Six alumni honored at 80th annual awards ceremony

This post was written by Hatchet reporter Sarah Haque.

The 80th annual Distinguished Alumni Achievement Awards honored the accomplishments of six alumni Thursday night.

Jeremy Gosbee, the president of the GW Alumni Association, opened the evening with remarks about how a quality education and strong networks can have a positive impact on today’s world.

“Our alumni are making history each and every day,” Gosbee said. “They are changing the world through innovative research and exemplary public service. Our alumni remind us where a valuable education, a GW education, can lead us.”

University President Steven Knapp also offered welcoming remarks, reiterating the idea that the University’s extensive alumni network is an extraordinary asset of the GW community and that the achievements of alumni is a testament to the invaluable experience of a GW education.

“Our most important contribution, without a question, is our alumni,” Knapp said. “It is through our alumni, above all, alumni, like ones whose stories we will hear tonight, that we really are making history.”

Here are the evening’s honorees:

1. Corinne E. Bell, Law JD ‘78

The first recipient of the night, Corinne E. Bell, graduated from the law school in 1978 and is currently co-head of Jones Day’s New York Office’s Business Restructuring & Reorganization Practice and manages the firm’s European Distress Investing Initiative. She has handled many monumental cases, like Detroit’s Chapter 9 bankruptcy proceeding, and was instrumental in the reorganization of large companies like Chrysler.

In her remarks, Bell mentioned the strong influence that GW continues to have on her life today.

“No matter where I’ve gone, it always seems to come back to Washington and GW,” Bell said.

2. Andrew J. Nahmias, SMHS MD ‘57R

The second recipient, Andre Nahmias, was born in Alexandria, Egypt and migrated to the U.S. in pursuit of education. Nahmias expanded his education and training at institutions like University of Texas, Boston University, University of Michigan and GW.

He focused on his passion for child advocacy as a professor of pediatrics at Emory University and founded the International Interdisciplinary AIDS Foundation in Geneva in 1984.

“I am very grateful to GW for launching me in my life career,” Nahmias said.

3. Baroness Joanna Shields, OBE, GWSB MBA ‘87

Dean of the business school Linda Livingstone presented the third award to Baroness Joanna Shields, a parliamentarian serving her second term as Under-Secretary of State and Minister for Internet Safety & Security in the UK.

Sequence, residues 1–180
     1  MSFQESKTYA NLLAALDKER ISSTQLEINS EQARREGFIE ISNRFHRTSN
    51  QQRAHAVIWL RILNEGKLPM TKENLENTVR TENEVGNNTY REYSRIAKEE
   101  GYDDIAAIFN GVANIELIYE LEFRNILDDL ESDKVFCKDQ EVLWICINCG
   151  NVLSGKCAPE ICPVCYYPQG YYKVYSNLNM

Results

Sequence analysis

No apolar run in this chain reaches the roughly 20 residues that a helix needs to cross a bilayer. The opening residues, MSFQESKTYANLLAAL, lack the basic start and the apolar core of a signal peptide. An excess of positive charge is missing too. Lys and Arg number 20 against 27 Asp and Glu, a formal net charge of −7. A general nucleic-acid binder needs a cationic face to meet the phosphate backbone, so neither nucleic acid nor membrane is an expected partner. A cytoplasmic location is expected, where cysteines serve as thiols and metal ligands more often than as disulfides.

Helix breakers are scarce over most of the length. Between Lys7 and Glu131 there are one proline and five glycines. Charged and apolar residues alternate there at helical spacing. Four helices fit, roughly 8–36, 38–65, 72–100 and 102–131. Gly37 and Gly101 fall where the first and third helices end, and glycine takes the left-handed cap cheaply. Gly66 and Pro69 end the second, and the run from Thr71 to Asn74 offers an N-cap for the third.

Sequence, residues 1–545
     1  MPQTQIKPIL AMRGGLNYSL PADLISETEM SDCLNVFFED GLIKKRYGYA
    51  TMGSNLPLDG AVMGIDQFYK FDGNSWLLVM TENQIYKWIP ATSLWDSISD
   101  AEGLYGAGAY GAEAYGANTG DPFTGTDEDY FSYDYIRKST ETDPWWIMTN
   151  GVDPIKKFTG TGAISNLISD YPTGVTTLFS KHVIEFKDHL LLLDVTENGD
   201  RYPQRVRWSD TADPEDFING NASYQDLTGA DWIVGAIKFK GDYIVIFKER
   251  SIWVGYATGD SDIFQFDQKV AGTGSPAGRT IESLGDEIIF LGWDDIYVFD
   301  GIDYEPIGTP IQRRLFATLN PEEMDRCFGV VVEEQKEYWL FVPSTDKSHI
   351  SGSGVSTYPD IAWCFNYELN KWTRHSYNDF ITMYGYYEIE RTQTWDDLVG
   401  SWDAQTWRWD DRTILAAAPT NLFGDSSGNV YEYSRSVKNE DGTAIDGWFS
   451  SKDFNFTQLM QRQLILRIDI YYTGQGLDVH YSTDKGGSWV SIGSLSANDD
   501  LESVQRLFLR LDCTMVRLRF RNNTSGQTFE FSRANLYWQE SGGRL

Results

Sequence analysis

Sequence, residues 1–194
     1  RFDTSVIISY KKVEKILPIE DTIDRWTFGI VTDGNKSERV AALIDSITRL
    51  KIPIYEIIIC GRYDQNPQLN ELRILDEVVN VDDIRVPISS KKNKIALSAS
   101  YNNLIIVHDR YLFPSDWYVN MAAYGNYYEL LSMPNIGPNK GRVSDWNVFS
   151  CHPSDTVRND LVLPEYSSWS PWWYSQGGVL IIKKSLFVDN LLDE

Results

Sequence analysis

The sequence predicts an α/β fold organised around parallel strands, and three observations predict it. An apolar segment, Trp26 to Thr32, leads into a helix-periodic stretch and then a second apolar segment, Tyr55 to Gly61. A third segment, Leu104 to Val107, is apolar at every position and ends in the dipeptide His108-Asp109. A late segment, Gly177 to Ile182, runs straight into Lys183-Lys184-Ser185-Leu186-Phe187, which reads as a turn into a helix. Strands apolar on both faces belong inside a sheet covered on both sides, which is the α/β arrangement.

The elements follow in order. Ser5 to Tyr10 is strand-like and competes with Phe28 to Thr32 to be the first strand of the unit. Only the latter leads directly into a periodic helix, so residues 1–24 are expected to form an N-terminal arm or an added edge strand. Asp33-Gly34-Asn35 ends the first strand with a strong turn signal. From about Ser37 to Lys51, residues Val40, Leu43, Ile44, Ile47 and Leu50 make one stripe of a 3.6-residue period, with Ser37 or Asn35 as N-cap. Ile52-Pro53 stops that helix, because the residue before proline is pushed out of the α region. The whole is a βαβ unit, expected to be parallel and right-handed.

“You are a role model for how business leaders can lead globally and responsibly and make significant and meaningful differences in society,” Livingstone said.

Shields serves as a Life Peer in the House of Lords and fights against online crimes, such as child exploitation and cyber hate. She founded WePROTECT, a global alliance to eliminate child abuse online which is currently supported by more than 70 countries, 20 technology companies, and several NGOs.

As a technological pioneer, Shields reflected on her graduate experience as a student at the business school and her involvement in cutting-edge research on digital printing.

“I will never forget the moment I saw that image from the front line of that war in Lebanon appear through the digital printing press at Gannett News across the river, and I said, ‘This is it. This is going to change the world,’” Shields said.

4. Daniel H. Weiss, CCAS BA ‘79

The fourth recipient, Daniel H. Weiss is the fifth president of the Metropolitan Museum of Art and has served as president of Haverford College, Lafayette College and as the James B. Knapp Dean of the Zanvyl Krieger School of Arts & Sciences at the Johns Hopkins University.

“It is true, as many of us have said this evening and probably every year, how much GW has meant to us,” Weiss said. “I can say honestly and candidly that GW has given me the life that I have gotten to live.”

5. Lt. General Nadja Y. West, SMHS MD ‘88

Lieutenant General Nadja West is the 44th Surgeon General of the U.S. Army and Commanding General of the US Army Medical Command. After completing a bachelors degree in engineering from West Point, West continued her education with a Doctorate of Medicine from SMHS.

“West Point taught me what it means to be an American soldier, but GW taught me what it meant, or what it means, to be a compassionate healer,” West said.

6. Hussain Nadim, ESIA BA ‘10

The final award of the night, the 2016 Recent Alumni Achievement Award, was presented by adjunct professor Ambassador Karl F. Inderfurth to Hussain Nadim. Nadim is a senior expert on Pakistan at the United States Institute of Peace.

Throughout the course of his short career, Nadim has also been a special assistant to the federal minister of Pakistan, a scholar at the Woodrow Wilson Center and an adjunct fellow at the International Center for the Study of Radicalization at King’s College London.

“I did have one thing that was important, that was passion. Passion to bring about a change,” Nadim said.

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